• Homestead 24 Tomatoes. Homestead 24 is a semi-determinate tomato that has medium to large red fruit developed for hot, humid climates, making it great for Florida gardens.
  • Amy’s Sugar Gem Tomatoes. Amy’s Sugar Gem grows tall, vigorous vines and produces sweet, large red cherry tomatoes.
  • Moon and Stars Watermelon. Resembling the night’s sky, Moon and Stars watermelon has a dark green rind with bright yellow spots. It has speckled yellow leaves and seedy, but very sweet, bright red flesh.

Whether you are located in Leon County or not, everyone is welcome to join us Saturday, February 12, from 10:00 a.m. to 12:00 p.m., for our Leon County Seed Library Virtual Workshop. Via Zoom, agents with UF/IFAS Extension Leon County will discuss spring vegetable gardening techniques and healthy eating. There will also be a live cooking demonstration showing how to prepare healthy meals and snacks at home, featuring vegetables available in the Spring 2022 Seed Library Program.

For more information about the Leon County Seed Library Virtual Workshop, please visit our Eventbrite page: https://seedlibraryworkshop2022.eventbrite.com. There is no cost to attend the workshop, but registration is required.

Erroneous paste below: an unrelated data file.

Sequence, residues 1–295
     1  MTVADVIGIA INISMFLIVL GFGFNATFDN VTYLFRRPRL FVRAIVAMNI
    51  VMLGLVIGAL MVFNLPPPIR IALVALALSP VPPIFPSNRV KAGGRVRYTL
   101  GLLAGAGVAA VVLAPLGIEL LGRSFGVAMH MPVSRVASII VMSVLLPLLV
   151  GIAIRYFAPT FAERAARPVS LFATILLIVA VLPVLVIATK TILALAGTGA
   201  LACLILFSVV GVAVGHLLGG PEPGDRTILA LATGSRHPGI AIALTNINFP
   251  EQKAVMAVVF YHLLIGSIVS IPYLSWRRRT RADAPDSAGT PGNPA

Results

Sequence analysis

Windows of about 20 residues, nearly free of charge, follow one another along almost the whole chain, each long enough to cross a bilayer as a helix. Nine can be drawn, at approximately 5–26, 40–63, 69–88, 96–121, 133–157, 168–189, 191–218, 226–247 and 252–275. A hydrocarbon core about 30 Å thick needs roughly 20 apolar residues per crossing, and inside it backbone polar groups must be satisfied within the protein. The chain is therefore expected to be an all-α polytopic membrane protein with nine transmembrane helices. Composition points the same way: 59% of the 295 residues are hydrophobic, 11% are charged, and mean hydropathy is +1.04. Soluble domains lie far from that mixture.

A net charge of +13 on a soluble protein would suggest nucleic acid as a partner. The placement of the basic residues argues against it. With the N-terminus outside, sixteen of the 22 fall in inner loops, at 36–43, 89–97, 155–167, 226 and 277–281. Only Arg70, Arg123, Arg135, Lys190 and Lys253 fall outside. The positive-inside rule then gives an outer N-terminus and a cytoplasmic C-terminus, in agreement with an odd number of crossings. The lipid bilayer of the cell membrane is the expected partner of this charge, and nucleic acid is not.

Happy spring gardening!

Gardening in the Panhandle LIVE! 2022

Gardening in the Panhandle LIVE! 2022

The UF/IFAS Extension Northwest District Horticulture Team is excited to announce our third season of Gardening in the Panhandle LIVE! free webinars! Please plan to join us this Spring and Fall for all new episodes where we will tackle gardening issues relevant to the Florida Panhandle!

There are two ways to join the Gardening in the Panhandle LIVE! webinars:

  1. Facebook Live – Follow us on Facebook and follow individual webinar Events.
  2. Zoom Webinar – Pre-registration is required for Zoom. Users must have an authenticated account (free at Zoom Link). Be sure you have security settings up to date to prevent connection delays. Links to Zoom registration will be added to the topic one-two weeks before the webinar and a closed captioned recorded link to YouTube will be available approximately one week after the program. (Underlined words have active links!)

Although we do accept questions from the audience during the broadcast, we may not have time to read them on-air. If you have a great question you think other viewers need to hear, please pre-register through Zoom and submit early!